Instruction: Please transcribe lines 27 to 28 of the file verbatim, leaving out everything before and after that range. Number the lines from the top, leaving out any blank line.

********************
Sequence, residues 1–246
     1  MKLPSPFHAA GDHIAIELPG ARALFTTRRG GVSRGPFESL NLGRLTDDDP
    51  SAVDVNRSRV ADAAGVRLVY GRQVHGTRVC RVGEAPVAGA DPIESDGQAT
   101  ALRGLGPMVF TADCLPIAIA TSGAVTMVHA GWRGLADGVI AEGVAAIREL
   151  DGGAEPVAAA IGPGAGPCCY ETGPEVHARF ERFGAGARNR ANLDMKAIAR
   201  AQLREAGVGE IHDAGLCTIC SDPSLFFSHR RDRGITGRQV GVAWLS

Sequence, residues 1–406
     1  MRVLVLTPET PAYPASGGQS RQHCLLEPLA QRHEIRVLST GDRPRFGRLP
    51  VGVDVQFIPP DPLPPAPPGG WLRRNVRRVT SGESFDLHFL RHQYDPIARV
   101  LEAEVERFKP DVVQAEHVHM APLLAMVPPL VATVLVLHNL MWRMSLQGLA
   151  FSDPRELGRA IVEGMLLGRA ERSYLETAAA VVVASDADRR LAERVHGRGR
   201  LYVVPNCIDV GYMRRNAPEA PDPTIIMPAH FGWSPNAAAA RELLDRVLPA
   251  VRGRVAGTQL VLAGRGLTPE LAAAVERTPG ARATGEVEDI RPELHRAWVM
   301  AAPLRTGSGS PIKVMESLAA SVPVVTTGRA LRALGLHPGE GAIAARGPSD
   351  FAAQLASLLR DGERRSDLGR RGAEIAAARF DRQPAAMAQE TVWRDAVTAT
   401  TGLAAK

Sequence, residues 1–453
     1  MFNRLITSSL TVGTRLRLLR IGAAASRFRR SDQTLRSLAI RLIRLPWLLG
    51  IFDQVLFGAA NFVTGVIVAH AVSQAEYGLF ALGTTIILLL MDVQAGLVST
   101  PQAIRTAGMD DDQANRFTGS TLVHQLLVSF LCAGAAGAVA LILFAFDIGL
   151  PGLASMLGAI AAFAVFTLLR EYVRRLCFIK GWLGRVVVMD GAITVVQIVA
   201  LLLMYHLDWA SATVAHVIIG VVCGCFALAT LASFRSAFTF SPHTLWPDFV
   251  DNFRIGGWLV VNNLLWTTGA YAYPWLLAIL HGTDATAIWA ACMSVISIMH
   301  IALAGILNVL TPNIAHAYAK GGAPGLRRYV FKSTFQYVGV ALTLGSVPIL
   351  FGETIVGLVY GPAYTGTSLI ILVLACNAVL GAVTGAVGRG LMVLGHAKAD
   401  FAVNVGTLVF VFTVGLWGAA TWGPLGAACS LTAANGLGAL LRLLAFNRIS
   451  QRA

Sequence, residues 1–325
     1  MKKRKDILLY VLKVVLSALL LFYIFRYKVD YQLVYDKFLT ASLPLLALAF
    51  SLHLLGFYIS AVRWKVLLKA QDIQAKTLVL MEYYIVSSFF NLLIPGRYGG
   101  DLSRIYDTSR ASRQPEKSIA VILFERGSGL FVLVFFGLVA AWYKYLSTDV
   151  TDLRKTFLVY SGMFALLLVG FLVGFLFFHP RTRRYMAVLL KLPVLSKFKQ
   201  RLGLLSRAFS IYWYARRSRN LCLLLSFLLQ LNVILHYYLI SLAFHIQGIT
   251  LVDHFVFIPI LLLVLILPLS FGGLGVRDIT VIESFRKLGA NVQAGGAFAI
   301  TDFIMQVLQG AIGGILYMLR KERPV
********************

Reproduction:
   451  QRA

Sequence, residues 1–325